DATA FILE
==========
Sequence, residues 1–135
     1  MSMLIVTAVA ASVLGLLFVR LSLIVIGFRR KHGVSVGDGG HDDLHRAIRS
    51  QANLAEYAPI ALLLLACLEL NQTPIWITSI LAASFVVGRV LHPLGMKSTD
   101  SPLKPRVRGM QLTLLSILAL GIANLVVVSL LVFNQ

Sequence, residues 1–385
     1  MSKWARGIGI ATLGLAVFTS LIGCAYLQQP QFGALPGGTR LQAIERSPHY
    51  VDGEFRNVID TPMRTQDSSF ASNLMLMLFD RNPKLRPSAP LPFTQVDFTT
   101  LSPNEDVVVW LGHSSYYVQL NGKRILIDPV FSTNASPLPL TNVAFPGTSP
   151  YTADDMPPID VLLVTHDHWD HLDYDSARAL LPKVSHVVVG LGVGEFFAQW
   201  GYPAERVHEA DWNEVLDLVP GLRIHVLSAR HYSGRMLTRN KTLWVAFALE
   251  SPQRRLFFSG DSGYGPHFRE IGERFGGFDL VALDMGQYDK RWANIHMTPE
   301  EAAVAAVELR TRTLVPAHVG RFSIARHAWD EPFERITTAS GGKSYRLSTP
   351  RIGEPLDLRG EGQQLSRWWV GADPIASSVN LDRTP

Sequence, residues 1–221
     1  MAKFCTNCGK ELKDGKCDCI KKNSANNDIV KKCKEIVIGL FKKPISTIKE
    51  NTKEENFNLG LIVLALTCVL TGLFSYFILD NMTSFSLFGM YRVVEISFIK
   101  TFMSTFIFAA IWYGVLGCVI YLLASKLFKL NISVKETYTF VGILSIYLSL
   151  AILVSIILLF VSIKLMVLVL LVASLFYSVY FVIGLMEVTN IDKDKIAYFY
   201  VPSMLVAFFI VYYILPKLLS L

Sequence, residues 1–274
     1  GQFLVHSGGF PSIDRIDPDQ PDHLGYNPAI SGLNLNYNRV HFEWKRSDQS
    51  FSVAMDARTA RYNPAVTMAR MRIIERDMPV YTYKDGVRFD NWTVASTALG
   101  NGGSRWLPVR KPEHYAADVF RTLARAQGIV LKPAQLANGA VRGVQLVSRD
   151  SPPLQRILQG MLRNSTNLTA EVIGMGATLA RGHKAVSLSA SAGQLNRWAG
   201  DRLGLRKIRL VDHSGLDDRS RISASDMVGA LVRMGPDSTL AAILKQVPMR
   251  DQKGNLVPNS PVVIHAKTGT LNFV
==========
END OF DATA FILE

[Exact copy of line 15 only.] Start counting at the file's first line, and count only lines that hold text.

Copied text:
     1  MAKFCTNCGK ELKDGKCDCI KKNSANNDIV KKCKEIVIGL FKKPISTIKE